May 2, 2013

When Deerhunter frontman Bradford Cox donned a Siouxsie Sioux wig and some ragged Stones-esque attire for his band’s recent performance of new single Monomania on Late Night With Jimmy Fallon, he wasn’t being himself. He was playing a character – Connie Lungpin. Connie staggered off stage midway through the vocal refrain of the tune, stumbled through the show’s set to get to an elevator, and even stole someone’s drink along the way. Cox’s performance suggested a sort of cheeky self-parody, or even a mocking stab at the “rock star” trope – a vision of someone gone a little mad. Deerhunter’s sixth album, also titled Monomania, delves deep into Cox’s ever-changing public personality, yet ends up feeling messy, hollow and even a little half-hearted at times.

The fact that Monomania spawned from what was apparently a hundreds-strong collection of emotionally-crippling depression-fueled songs written by Cox is not surprising. His songwriting – alongside that of guitarist Lockett Pundt – isn’t as polished or as detailed as it was on Halcyon Digest or Microcastle. Whilst the band describe Monomania’s sound as “nocturnal garage” – a description which is quite fitting – the music revives a certain early-rock lo-fi aesthetic, which is somewhat resistant to the semi-futurism dotted throughout the band’s recent work.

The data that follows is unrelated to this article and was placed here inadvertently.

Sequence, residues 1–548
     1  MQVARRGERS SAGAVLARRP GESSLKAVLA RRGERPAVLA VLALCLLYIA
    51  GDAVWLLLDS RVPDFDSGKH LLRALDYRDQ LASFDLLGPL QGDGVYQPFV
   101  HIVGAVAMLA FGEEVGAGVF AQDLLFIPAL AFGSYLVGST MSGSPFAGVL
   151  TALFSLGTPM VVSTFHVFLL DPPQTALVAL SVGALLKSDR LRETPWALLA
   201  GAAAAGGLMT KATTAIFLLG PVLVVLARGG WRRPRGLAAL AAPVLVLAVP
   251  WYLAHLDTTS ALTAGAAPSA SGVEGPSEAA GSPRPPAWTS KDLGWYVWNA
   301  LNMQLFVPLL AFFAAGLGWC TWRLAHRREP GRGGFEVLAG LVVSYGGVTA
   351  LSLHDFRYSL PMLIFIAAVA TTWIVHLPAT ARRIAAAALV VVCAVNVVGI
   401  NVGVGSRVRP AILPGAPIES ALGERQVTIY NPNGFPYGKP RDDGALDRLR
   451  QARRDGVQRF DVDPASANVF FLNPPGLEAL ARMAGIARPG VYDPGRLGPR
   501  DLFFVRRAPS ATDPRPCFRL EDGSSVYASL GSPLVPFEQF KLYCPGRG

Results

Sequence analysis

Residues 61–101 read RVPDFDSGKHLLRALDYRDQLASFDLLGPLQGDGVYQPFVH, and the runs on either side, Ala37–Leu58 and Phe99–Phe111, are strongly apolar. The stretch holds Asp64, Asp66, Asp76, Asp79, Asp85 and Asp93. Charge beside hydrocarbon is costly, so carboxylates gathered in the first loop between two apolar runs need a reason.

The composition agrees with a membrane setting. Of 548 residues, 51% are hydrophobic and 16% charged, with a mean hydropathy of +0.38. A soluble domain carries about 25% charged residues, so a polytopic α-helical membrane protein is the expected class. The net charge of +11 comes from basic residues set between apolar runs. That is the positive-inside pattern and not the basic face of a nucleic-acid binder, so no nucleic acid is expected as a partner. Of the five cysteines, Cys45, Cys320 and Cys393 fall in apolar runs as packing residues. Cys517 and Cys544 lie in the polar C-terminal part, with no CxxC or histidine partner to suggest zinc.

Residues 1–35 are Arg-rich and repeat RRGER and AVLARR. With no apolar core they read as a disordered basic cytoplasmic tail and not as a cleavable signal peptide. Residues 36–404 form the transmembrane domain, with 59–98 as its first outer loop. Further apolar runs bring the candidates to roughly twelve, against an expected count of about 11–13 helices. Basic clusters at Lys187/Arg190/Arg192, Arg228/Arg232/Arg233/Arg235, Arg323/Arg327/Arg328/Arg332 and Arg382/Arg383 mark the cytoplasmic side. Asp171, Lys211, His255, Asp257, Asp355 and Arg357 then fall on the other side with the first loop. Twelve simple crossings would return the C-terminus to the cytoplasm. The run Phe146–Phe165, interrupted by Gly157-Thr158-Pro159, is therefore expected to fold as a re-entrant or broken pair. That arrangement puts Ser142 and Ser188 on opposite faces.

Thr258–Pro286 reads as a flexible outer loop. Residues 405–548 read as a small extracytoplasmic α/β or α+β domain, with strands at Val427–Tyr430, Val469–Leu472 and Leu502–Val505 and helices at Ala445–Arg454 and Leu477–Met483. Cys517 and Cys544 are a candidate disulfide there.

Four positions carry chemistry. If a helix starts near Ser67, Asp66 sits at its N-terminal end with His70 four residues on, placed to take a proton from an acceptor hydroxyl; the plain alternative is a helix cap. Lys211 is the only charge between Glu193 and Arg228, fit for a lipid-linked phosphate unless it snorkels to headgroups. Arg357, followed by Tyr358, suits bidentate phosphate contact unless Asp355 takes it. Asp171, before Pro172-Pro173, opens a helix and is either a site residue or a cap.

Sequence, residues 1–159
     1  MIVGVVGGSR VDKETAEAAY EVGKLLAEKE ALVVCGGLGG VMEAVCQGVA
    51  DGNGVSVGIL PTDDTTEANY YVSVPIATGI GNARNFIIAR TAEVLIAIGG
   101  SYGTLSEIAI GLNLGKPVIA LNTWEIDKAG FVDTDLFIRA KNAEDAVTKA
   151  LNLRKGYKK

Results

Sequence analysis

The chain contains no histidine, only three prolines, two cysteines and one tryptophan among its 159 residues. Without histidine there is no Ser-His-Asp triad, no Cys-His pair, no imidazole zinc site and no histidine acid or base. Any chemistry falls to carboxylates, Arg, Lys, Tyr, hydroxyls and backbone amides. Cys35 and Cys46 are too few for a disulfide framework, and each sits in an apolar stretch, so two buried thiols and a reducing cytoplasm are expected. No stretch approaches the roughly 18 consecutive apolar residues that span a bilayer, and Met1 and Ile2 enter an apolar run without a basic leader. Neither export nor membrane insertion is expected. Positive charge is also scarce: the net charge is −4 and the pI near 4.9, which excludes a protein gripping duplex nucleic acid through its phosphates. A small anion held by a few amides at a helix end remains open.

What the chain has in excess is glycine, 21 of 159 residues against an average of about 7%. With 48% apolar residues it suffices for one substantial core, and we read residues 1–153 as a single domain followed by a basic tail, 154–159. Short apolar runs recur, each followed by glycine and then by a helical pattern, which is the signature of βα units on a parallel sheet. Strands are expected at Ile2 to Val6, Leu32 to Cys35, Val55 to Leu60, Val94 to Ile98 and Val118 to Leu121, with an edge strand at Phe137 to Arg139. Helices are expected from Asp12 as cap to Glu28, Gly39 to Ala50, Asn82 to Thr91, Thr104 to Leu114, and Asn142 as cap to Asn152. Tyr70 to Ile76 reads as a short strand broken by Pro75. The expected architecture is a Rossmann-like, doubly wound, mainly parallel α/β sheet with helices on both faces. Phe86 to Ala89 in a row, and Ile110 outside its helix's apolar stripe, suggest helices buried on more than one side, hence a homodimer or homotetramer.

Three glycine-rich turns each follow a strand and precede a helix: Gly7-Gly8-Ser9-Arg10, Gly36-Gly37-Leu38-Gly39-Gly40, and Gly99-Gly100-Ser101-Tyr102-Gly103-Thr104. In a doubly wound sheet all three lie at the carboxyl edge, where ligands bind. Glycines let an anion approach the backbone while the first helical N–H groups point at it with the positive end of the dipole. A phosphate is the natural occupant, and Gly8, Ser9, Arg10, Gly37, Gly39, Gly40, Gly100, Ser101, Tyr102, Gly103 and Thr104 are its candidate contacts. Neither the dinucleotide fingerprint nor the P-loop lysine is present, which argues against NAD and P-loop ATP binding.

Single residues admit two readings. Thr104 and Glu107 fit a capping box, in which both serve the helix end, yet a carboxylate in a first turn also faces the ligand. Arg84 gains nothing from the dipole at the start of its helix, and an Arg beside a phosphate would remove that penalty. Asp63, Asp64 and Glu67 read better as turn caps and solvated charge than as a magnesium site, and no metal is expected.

The filthy guitar mess of Leather Jacket II is enough to make even long-time fans a little squeamish, although its garage-rock intensity sits promisingly at track number two. What’s strange is that this energy is routinely cut off – the album’s momentum is stop-start. Following track The Missing is spacey, slightly subdued indie rock, but nothing overly memorable. Then there are the tracks which feel bodiless and under-developed, namely the quirky Blue Agent and the scattered T.H.M., in which Cox seems strangely isolated.

Lyrically, Cox’s stream-of-consciousness method doesn’t always buoy the more promising moments of Monomania. On Dream Captain he makes a cute reference to Bohemian Rhapsody with “I’m a poor boy from a poor family“, but also utters the strenuous line “I’m a boy man, you’re a man man“. He even rhymes “punk” with “junk” and “luck” on album closer Punk (La Vie Antérieure).

The highlight of Monomania is its title track. The sound is a perfect balance of scratchy guitar, retro eight-track production, built-up agitation and euphoric release. Cox’s lyrics are powerful, not silly or semi-gibberish like they are on other songs. The track breaks down into an anthemic final section in which he screeches “Monomonomania, monomonomania!” for a good three minutes. A really good three minutes. It doesn’t completely mask the album’s flaws, but it makes it clear that Cox wants the world to have a visceral reaction to this album, and it’s apparent that he no longer cares about whether that reaction is a positive or negative one. Come to think of it, there’s something beautifully punk about that.